Moreover, there are alarming reports that some of these youths are being forcibly conscripted into military training programs against their will, a clear violation of their rights. This situation has also led to the forced recruitment of soldiers among the local population. Currently, there are concerns about the disappearance of approximately four young individuals from Mottama and Paung areas, highlighting a disturbing trend of unaccounted detentions and potential conscription.

On May 6, 2024, two 16-year-old boys from Kwel Chan village, located in Mottama Town, Paung Township, Mon State, were arrested and subsequently extorted by local police. Maung Chit Lin Zaw and Maung Chit Lin Aung were intercepted and detained by officers while riding a motorbike from Mottama to Kwel Chan.

According to a source close to the victim’s families, the police accused the boys of illegal motorbike riding. They demanded a ransom of one million MMK (Myanmar Kyat) to avoid legal charges. After negotiations, the families apologized and settled the matter by paying 200,000 MMK.

The boys were held at the Mottama Regional Police Station, each family contributing 100,000 MMK for release. Reports from independent local media agencies suggest that this incident is part of a broader pattern of police extortion in Mon State. At least 50 young men were arrested in similar circumstances throughout April 2024, each case often resolved through payments to police.

In Mon State, junta forces are increasingly targeting young individuals under various pretexts, leading to ongoing arbitrary arrests. These detentions often culminate in extortion, where the detained youths must pay to secure their release. Such practices have unjustly turned innocent individuals into victims of routine exploitation.

Moreover, there are alarming reports that some of these youths are being forcibly conscripted into military training programs against their will, a clear violation of their rights. Currently, there are concerns about the disappearance of approximately four young individuals from Mottama and Paung areas, highlighting a disturbing trend of unaccounted detentions and potential conscription.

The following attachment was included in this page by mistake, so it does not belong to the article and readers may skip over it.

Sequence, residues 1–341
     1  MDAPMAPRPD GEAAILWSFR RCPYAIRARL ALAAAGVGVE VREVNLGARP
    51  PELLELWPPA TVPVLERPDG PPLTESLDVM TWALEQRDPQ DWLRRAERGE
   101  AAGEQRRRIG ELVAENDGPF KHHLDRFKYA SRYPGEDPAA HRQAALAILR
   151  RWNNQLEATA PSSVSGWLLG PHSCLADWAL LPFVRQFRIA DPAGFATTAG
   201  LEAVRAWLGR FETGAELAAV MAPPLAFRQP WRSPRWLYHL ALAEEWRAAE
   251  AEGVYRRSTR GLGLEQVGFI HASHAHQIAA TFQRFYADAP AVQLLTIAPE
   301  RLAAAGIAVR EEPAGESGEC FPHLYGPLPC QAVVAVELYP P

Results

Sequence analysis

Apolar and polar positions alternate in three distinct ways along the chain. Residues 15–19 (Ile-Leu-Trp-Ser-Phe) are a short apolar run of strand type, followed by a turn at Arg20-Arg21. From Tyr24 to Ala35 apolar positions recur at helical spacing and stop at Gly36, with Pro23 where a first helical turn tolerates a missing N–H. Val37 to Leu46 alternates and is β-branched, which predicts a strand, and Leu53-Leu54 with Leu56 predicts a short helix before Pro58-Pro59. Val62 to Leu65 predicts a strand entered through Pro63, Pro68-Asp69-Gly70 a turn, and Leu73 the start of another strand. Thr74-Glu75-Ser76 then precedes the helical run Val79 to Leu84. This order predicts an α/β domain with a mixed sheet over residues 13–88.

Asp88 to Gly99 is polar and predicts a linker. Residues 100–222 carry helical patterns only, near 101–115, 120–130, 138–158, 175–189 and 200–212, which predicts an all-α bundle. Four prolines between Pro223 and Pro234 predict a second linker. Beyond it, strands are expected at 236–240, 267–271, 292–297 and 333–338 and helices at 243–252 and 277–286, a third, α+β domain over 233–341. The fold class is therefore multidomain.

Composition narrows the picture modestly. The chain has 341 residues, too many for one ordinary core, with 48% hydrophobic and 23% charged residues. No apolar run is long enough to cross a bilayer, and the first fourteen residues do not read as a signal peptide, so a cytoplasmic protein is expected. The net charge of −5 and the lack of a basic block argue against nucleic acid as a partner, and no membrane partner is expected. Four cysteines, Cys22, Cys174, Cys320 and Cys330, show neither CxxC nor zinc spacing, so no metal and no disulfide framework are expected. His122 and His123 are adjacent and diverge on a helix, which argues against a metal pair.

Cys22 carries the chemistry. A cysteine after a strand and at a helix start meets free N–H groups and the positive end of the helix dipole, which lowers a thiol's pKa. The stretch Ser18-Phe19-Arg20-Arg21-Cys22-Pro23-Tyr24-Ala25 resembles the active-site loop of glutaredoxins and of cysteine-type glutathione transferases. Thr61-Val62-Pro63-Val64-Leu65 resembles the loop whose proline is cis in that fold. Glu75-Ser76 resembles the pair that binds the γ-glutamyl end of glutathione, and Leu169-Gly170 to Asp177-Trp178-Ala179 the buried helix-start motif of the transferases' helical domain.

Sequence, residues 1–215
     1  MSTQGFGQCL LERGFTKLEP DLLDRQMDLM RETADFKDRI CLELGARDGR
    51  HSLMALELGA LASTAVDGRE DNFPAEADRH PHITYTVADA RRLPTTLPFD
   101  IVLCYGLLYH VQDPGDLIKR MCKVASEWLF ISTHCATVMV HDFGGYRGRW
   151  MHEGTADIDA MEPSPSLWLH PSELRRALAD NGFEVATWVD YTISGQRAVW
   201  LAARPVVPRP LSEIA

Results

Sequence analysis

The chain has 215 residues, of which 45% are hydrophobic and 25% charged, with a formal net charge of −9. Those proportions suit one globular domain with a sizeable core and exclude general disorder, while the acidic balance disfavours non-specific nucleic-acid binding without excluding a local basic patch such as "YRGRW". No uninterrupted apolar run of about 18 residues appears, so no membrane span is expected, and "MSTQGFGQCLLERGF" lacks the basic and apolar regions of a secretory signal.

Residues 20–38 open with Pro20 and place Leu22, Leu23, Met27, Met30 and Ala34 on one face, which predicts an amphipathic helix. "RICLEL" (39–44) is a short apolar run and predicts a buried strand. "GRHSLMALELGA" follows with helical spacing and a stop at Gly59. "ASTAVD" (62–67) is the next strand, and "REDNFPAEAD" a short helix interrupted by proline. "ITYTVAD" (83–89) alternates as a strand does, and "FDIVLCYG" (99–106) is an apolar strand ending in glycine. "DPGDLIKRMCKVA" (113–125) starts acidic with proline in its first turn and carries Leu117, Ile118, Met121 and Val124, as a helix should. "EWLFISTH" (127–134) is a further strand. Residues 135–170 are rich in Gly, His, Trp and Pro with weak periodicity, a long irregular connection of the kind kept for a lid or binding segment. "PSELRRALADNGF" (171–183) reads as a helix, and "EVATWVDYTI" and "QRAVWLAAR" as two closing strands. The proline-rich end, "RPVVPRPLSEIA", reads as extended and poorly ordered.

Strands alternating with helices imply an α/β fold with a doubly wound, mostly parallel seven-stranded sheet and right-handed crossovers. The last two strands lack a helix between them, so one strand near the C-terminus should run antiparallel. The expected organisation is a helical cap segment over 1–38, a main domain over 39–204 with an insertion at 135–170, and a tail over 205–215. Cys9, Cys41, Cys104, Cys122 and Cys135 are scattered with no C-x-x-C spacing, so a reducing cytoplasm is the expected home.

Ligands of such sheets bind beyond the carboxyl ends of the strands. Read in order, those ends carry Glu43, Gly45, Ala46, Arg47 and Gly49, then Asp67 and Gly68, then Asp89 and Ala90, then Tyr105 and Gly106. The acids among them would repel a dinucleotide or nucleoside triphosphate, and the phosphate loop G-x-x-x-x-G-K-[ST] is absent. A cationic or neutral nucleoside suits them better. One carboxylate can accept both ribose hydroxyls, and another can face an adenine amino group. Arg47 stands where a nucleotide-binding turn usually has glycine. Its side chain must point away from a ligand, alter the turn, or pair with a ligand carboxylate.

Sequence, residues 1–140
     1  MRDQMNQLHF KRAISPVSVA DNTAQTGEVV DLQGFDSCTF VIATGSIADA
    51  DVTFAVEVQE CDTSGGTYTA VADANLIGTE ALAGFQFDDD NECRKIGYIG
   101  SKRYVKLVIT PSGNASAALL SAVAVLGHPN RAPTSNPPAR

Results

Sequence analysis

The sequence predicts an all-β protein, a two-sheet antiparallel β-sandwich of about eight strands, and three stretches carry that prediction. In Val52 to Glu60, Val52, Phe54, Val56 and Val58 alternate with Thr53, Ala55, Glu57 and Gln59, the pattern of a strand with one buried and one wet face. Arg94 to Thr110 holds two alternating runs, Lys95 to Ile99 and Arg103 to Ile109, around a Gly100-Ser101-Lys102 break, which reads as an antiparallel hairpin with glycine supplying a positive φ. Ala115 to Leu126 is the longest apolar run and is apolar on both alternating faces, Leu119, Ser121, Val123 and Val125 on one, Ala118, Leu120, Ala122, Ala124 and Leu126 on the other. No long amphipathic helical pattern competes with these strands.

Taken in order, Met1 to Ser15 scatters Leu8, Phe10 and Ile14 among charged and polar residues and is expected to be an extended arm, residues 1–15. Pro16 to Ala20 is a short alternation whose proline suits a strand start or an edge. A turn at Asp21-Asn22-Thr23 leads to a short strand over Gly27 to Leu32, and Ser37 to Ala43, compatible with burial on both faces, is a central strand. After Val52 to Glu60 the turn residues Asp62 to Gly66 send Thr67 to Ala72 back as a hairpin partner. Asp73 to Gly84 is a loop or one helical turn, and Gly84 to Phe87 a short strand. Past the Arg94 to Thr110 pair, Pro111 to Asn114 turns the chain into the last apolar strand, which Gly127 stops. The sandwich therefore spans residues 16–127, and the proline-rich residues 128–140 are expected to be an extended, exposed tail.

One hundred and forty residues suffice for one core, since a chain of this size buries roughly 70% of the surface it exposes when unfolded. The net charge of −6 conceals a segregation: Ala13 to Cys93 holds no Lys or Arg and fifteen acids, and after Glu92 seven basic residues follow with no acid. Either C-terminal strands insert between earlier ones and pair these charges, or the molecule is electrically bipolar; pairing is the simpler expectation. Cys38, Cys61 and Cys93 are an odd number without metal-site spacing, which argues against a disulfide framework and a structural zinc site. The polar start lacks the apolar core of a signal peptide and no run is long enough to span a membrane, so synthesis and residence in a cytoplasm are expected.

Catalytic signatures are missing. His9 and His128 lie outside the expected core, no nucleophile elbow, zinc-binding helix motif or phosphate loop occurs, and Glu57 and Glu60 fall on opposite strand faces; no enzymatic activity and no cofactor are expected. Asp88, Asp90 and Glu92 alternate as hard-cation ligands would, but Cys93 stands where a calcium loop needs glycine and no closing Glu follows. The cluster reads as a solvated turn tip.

Over the last month, there have been severe clashes in several villages along the border between Mon and Karen states, including places like Kaw Bein, Kaw Pauk, Tarana, Than Galaung, and Dhamma That. These battles between junta forces and the New Mon State Party (Anti-Military Dictatorship) have unfortunately resulted in at least 30 locals losing their lives due to attacks, including airstrikes, shootings, and arbitrary killings.

The fighting intensified near Kaw Bein police station, where revolutionary forces had previously taken over. Daily incidents of violence are being reported, causing distress among the local population. Victims include villagers aged between 18 and 50, and even a monk was among those who died.

The nearby village of Dhamma That and others have become temporary safe havens for those escaping the conflict. Despite this, many people can’t return to their homes because of the ongoing military presence and the fear of more violence. This situation is particularly tough for older and some residents who are stuck in their villages, facing threats from the junta.

“The junta forces are committing acts of murder, which is why locals are afraid to return to their places. They are worried about their valuable possessions like homes and cars, but they can’t return. Some elderly people in the village who can’t move have been left behind and are enduring the difficult times,” it was stated.

Additionally, almost 500 homes have been set on fire over the past month, and many more have been broken into. The Junta soldiers have stolen valuable items like motorcycles and safe boxes. This widespread devastation highlights the harsh realities faced by civilians caught in the middle of the conflict, struggling to protect their homes and livelihoods.

As the junta continues to suffer defeats, it is escalating its attacks on civilians and those it specifically alleges are affiliated with supporting the People’s Revolution. In Mawlamyine, a woman and three men were recently arrested under allegations of being members of revolutionary forces, resulting in charges under the Anti-Terrorism Act. 

On May 1st, the military filed a case against these individuals—Ye Ko Paing, Min Khat Naing, Min Thu Rain from Thar Kay Ta Township, Yangon Region, and Ma Myoe Thandar Aye from Shwe Thamar Ward, Sagaing City. They were apprehended on April 19th at 2 PM at Zin Yaw Guest House, Hlaing Ward in Mawlamyine, following reports of their presence.

The junta claims that the four are linked to a People’s Defense Force (PDF) camp in a rubber plantation near Pein Nal Kaw village in Kyeik Hto Township and are currently investigating the matter under Section 52(a) of the Anti-Terrorism Act.

Furthermore, on April 29th, around 3:00 p.m., the junta inspected another individual, Ye Lin Phyo, from Myain Thar Yar Ward. A case under Section 50(j) of the Anti-Terrorism Act has been filed against him for allegedly providing financial support to the National Unity Government (NUG) and PDF organizations.